Places to visit
There are many beautiful places to visit in the region. The most famous historical sites are Rocamadour, St Cirq Lapopie and our main market town Cahors. Our village of Albas is located in the centre of many superb vineyards that are famous for the original Malbec grape where generations of families have passed on their skills of viticulture to produce excellent wines from the region. To watch a short video of the Lot attractions click here
Rocamadour (Rocamador in Occitan) is a commune in the Lot department in southwestern France. It lies in the former province of Quercy.
Rocamadour has attracted visitors for its setting in a gorge above a tributary of the River Dordogne, and especially for its historical monuments and its sanctuary of the Blessed Virgin Mary, which for centuries has attracted pilgrims from many countries, among them kings, bishops, and nobles.
The town below the complex of monastic buildings and pilgrimage churches, traditionally dependent on the pilgrimage site and now on the tourist trade, lies near the river on the lowest slopes; it gives its name to Rocamadour, a small goat's milk cheese that was awarded AOC status in 1996.
St Cirq Lapopie
Saint-Cirq-Lapopie is a commune in the Lot department in south-western France. It is a member of the Les Plus Beaux Villages de France ("The most beautiful villages of France") association .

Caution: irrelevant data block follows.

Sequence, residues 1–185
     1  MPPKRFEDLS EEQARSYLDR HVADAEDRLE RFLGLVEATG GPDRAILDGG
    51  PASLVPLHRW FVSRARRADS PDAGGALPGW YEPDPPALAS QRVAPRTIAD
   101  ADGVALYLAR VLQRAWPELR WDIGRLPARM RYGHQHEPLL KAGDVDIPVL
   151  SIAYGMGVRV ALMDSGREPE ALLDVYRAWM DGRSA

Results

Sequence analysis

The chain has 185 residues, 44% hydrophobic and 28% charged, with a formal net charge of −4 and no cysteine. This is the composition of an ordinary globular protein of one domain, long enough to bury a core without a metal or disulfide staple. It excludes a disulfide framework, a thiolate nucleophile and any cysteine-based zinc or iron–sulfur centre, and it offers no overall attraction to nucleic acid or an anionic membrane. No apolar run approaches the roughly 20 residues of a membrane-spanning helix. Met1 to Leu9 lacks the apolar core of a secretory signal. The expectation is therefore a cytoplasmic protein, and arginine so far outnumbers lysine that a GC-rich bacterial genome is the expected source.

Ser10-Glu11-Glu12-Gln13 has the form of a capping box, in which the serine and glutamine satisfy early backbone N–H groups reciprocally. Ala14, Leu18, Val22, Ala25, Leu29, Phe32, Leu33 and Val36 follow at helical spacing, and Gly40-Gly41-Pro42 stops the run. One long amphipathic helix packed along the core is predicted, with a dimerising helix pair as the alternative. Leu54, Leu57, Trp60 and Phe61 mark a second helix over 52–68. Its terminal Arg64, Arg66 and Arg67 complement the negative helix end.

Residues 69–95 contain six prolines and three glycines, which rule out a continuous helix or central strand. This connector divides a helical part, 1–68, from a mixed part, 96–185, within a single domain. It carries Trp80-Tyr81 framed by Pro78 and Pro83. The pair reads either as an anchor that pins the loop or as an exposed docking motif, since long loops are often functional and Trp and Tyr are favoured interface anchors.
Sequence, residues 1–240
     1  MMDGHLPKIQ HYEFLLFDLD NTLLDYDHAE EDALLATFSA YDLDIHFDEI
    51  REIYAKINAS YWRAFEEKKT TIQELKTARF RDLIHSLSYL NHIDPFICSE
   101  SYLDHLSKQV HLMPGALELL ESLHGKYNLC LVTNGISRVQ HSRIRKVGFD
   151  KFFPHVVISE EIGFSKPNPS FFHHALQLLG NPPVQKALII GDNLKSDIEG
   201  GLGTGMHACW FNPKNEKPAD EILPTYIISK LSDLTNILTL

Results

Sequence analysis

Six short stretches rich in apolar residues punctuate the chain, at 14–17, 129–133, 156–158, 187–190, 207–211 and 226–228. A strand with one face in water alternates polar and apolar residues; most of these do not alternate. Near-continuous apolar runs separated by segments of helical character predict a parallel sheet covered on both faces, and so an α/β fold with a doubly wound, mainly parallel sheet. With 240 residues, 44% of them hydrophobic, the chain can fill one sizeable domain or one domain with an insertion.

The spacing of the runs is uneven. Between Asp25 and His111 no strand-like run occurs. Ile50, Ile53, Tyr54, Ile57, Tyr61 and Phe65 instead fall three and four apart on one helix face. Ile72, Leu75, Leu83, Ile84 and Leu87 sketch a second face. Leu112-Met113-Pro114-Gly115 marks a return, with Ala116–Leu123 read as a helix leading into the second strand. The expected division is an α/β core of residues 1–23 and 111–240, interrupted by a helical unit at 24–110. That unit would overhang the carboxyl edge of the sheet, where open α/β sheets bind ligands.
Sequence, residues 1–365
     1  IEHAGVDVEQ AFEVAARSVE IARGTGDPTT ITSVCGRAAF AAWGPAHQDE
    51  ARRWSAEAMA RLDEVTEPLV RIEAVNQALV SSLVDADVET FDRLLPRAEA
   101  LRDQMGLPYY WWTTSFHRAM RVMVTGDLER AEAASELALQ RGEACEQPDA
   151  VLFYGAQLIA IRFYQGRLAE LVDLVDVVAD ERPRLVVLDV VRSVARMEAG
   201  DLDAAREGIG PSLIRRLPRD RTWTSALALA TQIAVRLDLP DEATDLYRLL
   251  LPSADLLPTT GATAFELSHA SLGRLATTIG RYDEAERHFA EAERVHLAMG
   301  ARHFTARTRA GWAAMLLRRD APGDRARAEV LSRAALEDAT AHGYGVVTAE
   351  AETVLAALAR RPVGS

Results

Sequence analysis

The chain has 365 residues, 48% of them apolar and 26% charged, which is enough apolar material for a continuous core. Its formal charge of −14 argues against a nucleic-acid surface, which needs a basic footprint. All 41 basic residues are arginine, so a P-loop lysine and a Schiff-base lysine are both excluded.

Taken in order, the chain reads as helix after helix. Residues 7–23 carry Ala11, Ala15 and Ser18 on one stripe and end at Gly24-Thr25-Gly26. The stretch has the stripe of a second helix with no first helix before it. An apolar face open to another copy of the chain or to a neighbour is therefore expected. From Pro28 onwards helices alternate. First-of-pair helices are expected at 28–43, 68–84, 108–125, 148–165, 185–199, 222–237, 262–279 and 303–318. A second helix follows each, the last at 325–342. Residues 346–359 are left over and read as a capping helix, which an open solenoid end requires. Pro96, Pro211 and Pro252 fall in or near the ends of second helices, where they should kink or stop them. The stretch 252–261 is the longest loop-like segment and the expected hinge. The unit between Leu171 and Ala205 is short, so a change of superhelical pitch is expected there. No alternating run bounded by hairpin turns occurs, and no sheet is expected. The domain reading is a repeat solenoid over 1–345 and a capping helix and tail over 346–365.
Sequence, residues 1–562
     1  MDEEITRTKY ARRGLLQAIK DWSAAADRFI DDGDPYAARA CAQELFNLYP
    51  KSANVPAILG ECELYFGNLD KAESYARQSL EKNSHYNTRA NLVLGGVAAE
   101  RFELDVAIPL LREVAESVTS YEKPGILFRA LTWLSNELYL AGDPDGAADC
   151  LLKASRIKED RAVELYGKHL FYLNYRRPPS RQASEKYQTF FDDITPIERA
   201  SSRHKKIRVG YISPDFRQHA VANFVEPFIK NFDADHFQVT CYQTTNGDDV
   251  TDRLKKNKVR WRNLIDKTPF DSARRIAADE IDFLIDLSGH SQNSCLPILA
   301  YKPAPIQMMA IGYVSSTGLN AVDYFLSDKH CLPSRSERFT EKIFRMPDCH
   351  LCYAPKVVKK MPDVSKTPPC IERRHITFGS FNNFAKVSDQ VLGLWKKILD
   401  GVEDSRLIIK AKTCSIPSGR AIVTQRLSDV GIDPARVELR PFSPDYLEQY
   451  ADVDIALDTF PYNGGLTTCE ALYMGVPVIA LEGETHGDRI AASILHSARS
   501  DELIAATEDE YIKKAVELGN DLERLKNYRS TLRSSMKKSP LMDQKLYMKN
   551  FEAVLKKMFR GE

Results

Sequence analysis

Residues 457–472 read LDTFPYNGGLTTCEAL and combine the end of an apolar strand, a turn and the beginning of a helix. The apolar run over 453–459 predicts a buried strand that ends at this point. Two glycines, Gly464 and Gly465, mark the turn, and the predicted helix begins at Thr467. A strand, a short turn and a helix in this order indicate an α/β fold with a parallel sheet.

Its position, originally selected for defense, perched on a steep cliff 100 m above the river has helped make the town one of the most popular tourist destinations in the department, and the entire town is almost a museum. After it was "discovered" by the Post-Impressionist Henri Martin, it became popular with other artists and the home of the writer André Breton.
Cahors (French pronunciation: [kaɔʁ]; Occitan: Caors [kaˈuɾs, ˈkɔws, ˈkɔw]) is the capital of the Lot department in south-western France.
Its site is dramatic, being contained on three sides within a U-shaped bend in the River Lot. Cahors is known as the centre of AOC 'black' wine, which has been made since the Middle Ages and exported via Bordeaux, long before the region had developed its own viniculture industry.